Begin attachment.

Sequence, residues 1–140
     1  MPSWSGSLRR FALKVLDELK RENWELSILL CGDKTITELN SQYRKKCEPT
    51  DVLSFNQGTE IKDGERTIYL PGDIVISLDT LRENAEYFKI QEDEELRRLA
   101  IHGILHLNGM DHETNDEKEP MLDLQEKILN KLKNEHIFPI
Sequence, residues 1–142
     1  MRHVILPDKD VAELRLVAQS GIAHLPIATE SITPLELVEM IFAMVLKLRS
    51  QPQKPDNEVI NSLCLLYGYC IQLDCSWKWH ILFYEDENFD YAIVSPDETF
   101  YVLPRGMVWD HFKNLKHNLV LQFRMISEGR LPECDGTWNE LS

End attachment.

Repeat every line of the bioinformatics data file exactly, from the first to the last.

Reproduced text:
Sequence, residues 1–140
     1  MPSWSGSLRR FALKVLDELK RENWELSILL CGDKTITELN SQYRKKCEPT
    51  DVLSFNQGTE IKDGERTIYL PGDIVISLDT LRENAEYFKI QEDEELRRLA
   101  IHGILHLNGM DHETNDEKEP MLDLQEKILN KLKNEHIFPI
Sequence, residues 1–142
     1  MRHVILPDKD VAELRLVAQS GIAHLPIATE SITPLELVEM IFAMVLKLRS
    51  QPQKPDNEVI NSLCLLYGYC IQLDCSWKWH ILFYEDENFD YAIVSPDETF
   101  YVLPRGMVWD HFKNLKHNLV LQFRMISEGR LPECDGTWNE LS